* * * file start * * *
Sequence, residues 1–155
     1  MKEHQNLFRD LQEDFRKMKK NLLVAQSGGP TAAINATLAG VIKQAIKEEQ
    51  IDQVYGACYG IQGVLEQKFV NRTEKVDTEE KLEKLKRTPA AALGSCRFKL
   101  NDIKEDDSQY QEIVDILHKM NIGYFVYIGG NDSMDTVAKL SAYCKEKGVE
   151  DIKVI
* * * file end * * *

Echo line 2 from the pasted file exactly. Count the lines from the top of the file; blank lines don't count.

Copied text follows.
     1  MKEHQNLFRD LQEDFRKMKK NLLVAQSGGP TAAINATLAG VIKQAIKEEQ